For decades, no one knew what happened to his papers, and he accused resistance fighters of burning them. But at some point in the 2000s, they ended up with retired journalist Jean-Pierre Thibaudat, who passed them – completely out of the blue – to Celine’s heirs last summer.

‘A miracle’
Despite the author’s history, reviews of the 150-page novel, published by Gallimard, have been unanimous in their praise.

“The end of a mystery, the discovery of a great text,” writes Le Point; a “miracle,” says Le Monde; “breathtaking,” gushes Journal du Dimanche.

Gallimard has yet to say whether the novel will be translated.

Like much of Celine’s work, Guerre is deeply autobiographical, recounting his experiences during World War I.

It opens with 20-year-old Brigadier Ferdinand finding himself miraculously alive after waking up on a Belgian battlefield, follows his treatment and hasty departure for England – all based on Celine’s real experiences.

His time across the Channel is the subject of another newly discovered novel, Londres (London), to be published this autumn.

If French reviewers seem reluctant to focus on Celine’s rampant World War II anti-Semitism, it is partly because his early writings (Guerre is thought to date from 1934) show little sign of it.

Journey to the End of the Night was a hit among progressives for its anti-war message, as well as a raw, slang-filled style that stuck two fingers up at bourgeois sensibilities.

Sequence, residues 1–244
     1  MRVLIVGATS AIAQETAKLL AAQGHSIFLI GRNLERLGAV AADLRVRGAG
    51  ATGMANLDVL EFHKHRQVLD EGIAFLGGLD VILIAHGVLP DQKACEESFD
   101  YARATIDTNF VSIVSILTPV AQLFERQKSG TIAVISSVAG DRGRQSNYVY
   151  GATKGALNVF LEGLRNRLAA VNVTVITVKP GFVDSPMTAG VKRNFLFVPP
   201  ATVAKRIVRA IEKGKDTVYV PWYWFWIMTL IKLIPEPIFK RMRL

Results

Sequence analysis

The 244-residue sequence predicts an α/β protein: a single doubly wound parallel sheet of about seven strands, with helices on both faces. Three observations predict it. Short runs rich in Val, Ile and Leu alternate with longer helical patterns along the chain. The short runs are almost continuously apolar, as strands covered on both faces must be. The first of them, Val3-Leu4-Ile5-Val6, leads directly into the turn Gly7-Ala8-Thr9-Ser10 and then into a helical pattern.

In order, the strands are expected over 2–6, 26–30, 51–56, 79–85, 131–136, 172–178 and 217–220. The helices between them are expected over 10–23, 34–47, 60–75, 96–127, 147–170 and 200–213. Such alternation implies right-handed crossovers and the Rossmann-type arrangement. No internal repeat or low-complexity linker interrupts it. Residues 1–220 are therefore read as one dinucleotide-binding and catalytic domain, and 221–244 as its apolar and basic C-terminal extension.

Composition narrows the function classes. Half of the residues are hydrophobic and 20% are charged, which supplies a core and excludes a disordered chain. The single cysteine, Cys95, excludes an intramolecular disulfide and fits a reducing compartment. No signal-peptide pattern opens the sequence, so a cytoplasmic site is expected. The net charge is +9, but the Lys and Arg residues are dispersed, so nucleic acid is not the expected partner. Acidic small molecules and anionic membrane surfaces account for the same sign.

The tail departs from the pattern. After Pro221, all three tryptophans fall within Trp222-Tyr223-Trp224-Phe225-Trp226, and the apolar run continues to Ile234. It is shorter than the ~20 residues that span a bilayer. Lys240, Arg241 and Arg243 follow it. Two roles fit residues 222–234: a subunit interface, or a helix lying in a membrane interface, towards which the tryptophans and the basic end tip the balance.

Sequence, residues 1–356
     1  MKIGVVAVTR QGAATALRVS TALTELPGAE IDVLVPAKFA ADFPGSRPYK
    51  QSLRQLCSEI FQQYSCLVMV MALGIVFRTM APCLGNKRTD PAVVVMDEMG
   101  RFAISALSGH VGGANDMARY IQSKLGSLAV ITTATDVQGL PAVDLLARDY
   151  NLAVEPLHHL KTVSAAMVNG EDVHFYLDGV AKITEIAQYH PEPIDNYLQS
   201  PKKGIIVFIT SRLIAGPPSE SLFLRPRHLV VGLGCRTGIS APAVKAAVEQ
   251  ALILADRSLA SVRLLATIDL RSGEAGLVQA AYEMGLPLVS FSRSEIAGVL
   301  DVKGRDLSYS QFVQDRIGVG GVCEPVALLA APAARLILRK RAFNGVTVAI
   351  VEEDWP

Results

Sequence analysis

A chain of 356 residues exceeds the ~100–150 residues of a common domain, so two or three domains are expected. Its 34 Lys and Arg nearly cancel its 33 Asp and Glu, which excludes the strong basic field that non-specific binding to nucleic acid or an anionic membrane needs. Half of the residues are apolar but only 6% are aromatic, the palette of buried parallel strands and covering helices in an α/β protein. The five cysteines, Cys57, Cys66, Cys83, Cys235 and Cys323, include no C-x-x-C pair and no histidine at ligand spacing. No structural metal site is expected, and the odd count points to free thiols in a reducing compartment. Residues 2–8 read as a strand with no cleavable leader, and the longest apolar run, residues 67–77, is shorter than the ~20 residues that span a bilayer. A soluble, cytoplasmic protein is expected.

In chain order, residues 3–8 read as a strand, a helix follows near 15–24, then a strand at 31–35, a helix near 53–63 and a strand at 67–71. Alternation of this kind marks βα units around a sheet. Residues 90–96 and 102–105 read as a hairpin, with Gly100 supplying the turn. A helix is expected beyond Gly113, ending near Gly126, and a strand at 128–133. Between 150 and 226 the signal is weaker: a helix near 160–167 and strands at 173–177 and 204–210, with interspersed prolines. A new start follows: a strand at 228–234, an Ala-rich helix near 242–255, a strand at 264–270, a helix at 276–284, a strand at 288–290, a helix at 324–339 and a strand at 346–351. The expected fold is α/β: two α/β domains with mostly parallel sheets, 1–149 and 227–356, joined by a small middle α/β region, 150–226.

Celine’s attitude to the Jews only revealed itself in 1937 with the publication of a pamphlet, Trifles for a Massacre, which set him on a new path of racial hatred and conspiracy-mongering.

He never back-tracked. After the war, he launched a campaign of Holocaust-denial and sought to muddy the waters around his own war-time exploits – allowing him to worm his way back into France without repercussions.

‘Divine surprise’
Many in the French literary scene seem keen to separate early and late Celine.

“These manuscripts come at the right time – they are a divine surprise – for Celine to become a writer again: the one who matters, from 1932 to 1936,” literary historian Philippe Roussin told AFP.

Other critics say the early Celine was just hiding his true feelings.

They highlight a quote that may explain the gap between his progressive novels and reactionary feelings: “Knowing what the reader wants, following fashions like a shopgirl, is the job of any writer who is very financially constrained,” Celine wrote to a friend.

Despite his descent into Nazism, he was one of the great chroniclers of the trauma of World War I and the malaise of the inter-war years.

An exhibition about the discovery of the manuscripts opens on Thursday at the Gallimard Gallery and includes the original, hand-written sheets of Guerre.

They end with a line that is typical of Celine: “I caught the war in my head. It is locked in my head.”

In the final years before his death in 1961, Celine endlessly bemoaned the loss of his manuscripts.

The exhibition has a quote from him on the wall: “They burned them, almost three manuscripts, the pest-purging vigilantes!”

This was one occasion – not the only one – where he was proved wrong.